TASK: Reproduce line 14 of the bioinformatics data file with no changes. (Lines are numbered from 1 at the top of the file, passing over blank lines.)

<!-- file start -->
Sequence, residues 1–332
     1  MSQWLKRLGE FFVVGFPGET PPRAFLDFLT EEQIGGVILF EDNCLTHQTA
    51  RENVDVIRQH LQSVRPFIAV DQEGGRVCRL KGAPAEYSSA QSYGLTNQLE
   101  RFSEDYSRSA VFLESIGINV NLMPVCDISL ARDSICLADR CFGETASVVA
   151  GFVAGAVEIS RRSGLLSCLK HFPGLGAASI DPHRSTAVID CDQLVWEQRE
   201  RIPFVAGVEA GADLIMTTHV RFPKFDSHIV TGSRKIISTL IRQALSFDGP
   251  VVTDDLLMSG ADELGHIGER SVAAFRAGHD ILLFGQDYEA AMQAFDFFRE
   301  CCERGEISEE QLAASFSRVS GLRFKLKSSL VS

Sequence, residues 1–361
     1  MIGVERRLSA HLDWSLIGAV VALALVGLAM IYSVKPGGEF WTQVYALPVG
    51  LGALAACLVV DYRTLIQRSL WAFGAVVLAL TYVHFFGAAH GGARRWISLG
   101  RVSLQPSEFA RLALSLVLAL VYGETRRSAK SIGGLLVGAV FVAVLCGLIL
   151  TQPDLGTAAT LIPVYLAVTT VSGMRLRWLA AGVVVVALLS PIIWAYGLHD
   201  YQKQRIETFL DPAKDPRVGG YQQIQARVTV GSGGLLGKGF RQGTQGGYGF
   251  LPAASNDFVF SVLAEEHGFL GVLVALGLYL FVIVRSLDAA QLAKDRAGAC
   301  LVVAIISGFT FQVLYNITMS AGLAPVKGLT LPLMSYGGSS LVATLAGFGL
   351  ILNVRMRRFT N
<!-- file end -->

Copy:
   201  YQKQRIETFL DPAKDPRVGG YQQIQARVTV GSGGLLGKGF RQGTQGGYGF